- Riiiiight, this is totally the house of an impoverished medieval peasant family who are too poor to have enough staple foods for the winter, and who can’t even do basic business in the town because they have no money.
- Penniless medieval farmers all lived in modern cottages complete with a screen porch and a BRICK chimney. Riiiight.
- By medieval hovel standards, this was a fucking palace.
The house had been abandoned for half a century when they moved in after Garrow’s wife, Marian, died.
I sincerely doubt that a house that nice with accompanying barn would actually have been abandoned all that time… and even if it HAD, it would be a RUIN. It might be livable after five years, but fifty? Wouldn’t it rot? Wouldn’t it be infested with vermin?
That brings me to another pet peeve: why do half the people in here have plausible normal-ish names like Marian, Katrina, Sloan, even Horst, yet we also have weird names like “Eragon”? I can stomach it if people are coming from different cultures, but these people all live in the SAME town.
Wait, I’ve got it: the degree of implausible weirdness equals the importance to the plot and the level of Stuiness.
People considered the distance dangerous because the family could not rely on help from the village in times of trouble, but Eragon’s uncle would not listen.
Thus ensuring that something horrible will happen and nobody will come to help.
Eragon also covers that they have a bunch of livestock – some of it edible – including chickens and a cow which could presumably provide at least a LITTLE food. But apparently Eragon and his family are too stupid to realize that milk comes from moo cows and eggs come from chicken butts, because he just whines to himself about how they don’t have a pig this year (presumably for eating).
He saw a light move behind a window as he wearily reached the porch. “Uncle, it’s Eragon. Let me in.” A small shutter slid back for a second, then the door swung inward.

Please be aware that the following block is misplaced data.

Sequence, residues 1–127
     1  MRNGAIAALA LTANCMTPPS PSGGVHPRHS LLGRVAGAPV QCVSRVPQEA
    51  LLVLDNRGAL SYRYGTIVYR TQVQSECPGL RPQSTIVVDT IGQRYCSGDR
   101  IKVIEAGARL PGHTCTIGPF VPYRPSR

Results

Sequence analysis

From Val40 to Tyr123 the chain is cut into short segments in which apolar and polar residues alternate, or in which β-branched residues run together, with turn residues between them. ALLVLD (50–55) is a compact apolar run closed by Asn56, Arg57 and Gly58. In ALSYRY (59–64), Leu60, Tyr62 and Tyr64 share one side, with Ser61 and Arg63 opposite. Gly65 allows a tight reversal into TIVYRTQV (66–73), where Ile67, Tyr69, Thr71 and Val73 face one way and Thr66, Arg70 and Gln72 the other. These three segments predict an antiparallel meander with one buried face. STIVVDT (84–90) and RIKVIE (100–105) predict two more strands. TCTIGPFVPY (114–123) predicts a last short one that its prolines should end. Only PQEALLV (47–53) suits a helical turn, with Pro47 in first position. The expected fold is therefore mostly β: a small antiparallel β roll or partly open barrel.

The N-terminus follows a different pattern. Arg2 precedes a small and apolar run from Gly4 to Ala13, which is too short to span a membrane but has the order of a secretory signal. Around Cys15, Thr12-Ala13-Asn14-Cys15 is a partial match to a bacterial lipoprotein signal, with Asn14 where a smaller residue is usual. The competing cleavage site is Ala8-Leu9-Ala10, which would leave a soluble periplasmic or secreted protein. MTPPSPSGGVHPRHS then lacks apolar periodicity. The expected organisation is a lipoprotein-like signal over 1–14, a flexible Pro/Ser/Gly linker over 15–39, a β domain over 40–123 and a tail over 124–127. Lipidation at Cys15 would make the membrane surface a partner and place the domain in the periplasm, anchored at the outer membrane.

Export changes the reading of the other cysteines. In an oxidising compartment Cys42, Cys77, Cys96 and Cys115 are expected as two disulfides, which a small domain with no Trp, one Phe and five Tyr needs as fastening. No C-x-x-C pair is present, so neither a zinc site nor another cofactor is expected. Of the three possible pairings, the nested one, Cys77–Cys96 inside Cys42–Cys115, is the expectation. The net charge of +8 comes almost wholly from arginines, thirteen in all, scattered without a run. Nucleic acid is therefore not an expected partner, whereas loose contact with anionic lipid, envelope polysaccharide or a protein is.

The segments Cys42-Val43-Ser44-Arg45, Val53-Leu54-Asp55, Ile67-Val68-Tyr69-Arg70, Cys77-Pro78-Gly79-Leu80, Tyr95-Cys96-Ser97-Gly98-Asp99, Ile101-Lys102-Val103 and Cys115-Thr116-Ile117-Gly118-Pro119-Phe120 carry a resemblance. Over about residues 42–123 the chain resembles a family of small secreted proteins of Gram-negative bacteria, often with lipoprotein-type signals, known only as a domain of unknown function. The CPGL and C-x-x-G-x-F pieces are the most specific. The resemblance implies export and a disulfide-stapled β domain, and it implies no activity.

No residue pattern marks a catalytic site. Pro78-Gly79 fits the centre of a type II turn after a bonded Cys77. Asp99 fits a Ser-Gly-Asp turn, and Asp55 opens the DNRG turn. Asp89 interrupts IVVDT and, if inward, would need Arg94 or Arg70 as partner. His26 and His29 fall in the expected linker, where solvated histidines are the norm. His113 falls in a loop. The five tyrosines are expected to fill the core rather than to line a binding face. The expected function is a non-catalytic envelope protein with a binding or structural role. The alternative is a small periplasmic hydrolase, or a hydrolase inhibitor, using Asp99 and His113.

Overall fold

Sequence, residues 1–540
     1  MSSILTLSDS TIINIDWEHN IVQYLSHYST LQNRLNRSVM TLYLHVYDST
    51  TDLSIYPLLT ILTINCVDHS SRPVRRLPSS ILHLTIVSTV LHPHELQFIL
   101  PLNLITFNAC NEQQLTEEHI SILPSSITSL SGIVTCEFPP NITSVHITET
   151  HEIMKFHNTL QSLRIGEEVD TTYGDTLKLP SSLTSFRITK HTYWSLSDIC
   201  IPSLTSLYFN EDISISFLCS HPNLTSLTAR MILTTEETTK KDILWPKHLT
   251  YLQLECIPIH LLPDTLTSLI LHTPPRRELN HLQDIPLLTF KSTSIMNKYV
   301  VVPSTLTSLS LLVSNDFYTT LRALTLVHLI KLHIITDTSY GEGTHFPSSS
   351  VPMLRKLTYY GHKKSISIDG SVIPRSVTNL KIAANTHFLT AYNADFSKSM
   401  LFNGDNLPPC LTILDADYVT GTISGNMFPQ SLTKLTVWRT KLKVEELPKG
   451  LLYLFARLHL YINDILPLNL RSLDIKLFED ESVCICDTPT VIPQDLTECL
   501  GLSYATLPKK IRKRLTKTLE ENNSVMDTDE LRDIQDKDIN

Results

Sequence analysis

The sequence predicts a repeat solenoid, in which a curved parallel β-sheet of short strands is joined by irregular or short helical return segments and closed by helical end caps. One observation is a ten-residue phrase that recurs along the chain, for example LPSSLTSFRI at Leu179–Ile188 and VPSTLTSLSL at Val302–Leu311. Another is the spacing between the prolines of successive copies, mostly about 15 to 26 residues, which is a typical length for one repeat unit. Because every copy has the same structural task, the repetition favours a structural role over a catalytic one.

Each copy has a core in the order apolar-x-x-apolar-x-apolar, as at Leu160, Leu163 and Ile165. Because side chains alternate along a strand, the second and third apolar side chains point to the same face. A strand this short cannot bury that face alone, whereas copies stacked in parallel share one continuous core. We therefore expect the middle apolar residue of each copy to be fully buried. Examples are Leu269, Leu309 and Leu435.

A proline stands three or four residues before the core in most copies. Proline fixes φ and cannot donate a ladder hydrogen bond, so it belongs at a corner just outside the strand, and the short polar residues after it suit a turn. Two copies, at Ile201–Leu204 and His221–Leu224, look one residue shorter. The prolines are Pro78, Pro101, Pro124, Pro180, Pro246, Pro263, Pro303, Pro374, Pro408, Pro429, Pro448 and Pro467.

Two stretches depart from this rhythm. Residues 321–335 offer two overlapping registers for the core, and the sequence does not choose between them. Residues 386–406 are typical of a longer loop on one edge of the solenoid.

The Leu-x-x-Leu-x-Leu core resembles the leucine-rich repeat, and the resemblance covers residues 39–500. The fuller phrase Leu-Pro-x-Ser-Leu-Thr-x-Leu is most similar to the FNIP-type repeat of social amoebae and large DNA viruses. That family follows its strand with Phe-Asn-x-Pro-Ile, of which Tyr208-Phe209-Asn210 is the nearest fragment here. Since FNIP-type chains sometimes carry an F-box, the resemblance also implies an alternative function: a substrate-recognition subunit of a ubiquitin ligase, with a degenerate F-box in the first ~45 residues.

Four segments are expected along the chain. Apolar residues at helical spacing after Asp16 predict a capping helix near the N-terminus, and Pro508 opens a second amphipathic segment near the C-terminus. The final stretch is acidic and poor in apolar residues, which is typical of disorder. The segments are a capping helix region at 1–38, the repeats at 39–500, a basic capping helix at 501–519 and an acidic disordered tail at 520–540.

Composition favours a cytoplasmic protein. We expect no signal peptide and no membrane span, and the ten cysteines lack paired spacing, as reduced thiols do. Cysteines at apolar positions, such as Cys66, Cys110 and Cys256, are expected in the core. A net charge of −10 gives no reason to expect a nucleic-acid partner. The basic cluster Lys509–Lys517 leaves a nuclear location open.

So they not only have a modern chimney and an enclosed porch, but they have WINDOWS and SHUTTERS? Does Paolini’s knowledge of medieval architecture come entirely from real estate brochures?
And now it’s time for Uncle Garrow: His worn clothes hung on him like rags on a stick frame. A lean, hungry face with intense eyes gazed out from under graying hair. He looked like a man who had been partly mummified before it was discovered that he was still alive.
I suppose this is meant to convey what a hard worker he is and what a hardscrabble life he has, but it makes him sound more sinister than Sloan – especially the “lean hungry face” and the mummified skin. Weird.
Cue description of the house’s kitchen, and WHOA…. A second door opened to the rest of the house. The floor was made of boards polished smooth by years of tramping feet.
What the hell? REST of the house? I thought these people were so poor they couldn’t afford a roast and didn’t have any staple foods for the winter. But they have multiple rooms?! It’s official – Paolini’s ideal of a GenericMedievalFantasy house is a pretty rustic cottage with all the modern conveniences. Do they have running water and flush toilets?
Eragon’s uncle then starts throwing a massive bitchfit because Eragon let Horst buy them the now-rancid lumps of raw meat, and he lets unky rant for awhile before telling him that Horst basically is letting him work off the debt months from now.
“If we can’t feed ourselves, we might as well move into town. Before you can turn around twice, they’ll be sending us used clothes and asking if we’ll be able to get through the winter.” Garrow’s face paled with anger.